I will describe a compact chip-based Rydberg-Stark decelerator comprised of a linear array of 115 electrodes. And I will present the results of recent experiments in which this device was employed to decelerate and trap laser excited NO molecules. An average lifetime of approximately 300 us was measured for molecules in the cryogenic trap. These cold, trapped NO molecules are of interest for studying low-temperature inelastic scattering processes for which long-range interaction play an important role.

 

SLOPOS-15

The Ps Spectroscopy team had the delight of attending the 15th International Workshop on Slow Positron Beam Techniques and Applications (SLOPOS-15) in Prague on 2-6 September, 2019. The workshop was held in the Faculty of Mathematics and Physics, Charles University in the centre of the Lesser Town square.

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A wide range of topics, from Ps physics to defect studies, were discussed by over 100 participants in the workshop. David outlined the recent experimental progress in Ps-laser physics in his talk, while Ross talked about the versatility of a multi-ring guide for possible Ps deceleration and trapping studies. Lokesh presented the results of the new precision microwave spectroscopy experiment (stay tuned for more details). The complete list of abstracts can be found here. It was a pleasure discussing the ongoing work in the field of slow positron physics in the wonderful city of Prague.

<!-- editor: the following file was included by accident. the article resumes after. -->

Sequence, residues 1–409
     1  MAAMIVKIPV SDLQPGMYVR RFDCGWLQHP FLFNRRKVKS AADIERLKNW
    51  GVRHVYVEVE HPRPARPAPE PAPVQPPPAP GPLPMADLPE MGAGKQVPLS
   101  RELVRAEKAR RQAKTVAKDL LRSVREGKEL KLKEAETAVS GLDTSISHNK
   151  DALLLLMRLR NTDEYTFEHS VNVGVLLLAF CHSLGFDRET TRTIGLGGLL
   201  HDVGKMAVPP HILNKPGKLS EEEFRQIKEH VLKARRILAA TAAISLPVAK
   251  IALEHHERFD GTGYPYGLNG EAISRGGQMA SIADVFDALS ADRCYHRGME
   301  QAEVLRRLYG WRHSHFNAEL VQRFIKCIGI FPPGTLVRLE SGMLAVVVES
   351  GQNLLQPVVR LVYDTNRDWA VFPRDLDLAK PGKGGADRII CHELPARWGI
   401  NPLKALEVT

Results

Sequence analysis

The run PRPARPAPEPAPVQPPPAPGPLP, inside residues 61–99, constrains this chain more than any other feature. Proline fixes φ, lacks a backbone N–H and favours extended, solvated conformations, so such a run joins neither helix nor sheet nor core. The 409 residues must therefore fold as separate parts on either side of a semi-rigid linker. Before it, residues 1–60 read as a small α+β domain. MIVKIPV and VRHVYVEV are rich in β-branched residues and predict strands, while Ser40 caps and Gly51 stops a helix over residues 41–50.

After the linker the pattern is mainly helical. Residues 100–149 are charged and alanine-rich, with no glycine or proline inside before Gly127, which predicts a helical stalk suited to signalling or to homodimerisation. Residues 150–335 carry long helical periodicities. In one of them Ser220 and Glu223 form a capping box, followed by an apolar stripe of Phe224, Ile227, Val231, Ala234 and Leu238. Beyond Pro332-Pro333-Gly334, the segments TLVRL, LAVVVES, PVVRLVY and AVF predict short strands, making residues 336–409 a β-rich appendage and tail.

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We’d like to thank the local organising committee, led by Jakub Cizek, for organising an excellent meeting and we look forward to the next SLOPOS which will be held in Orléans, France in 2022.

POSMOL 2019

The Ps spectroscopy team recently attended the XX International Workshop on Low-Energy Positron and Positronium Physics and XXI International Symposium on Electron-Molecule Collisions and Swarms i.e. POSMOL-2019. The conference was organised by the Serbian Academy of Sciences and Arts (SASA) in Belgrade on 18-20th July.

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Our most recent work on the microwave spectroscopy of Ps n=2 fine structure (more on this in the next blog post) was presented by Lokesh. It was a great opportunity to discuss our research with the positron (positronium) and the electron community as well as explore ongoing and future research from other groups. The complete list of abstract is available here, as well as the photo gallery.

We’d like to thank the organisers for planning this excellent conference and we look forward to the next meeting. The UCL Ps Spectroscopy group will be attending SLOPOS-15 in Prague in September. See you then!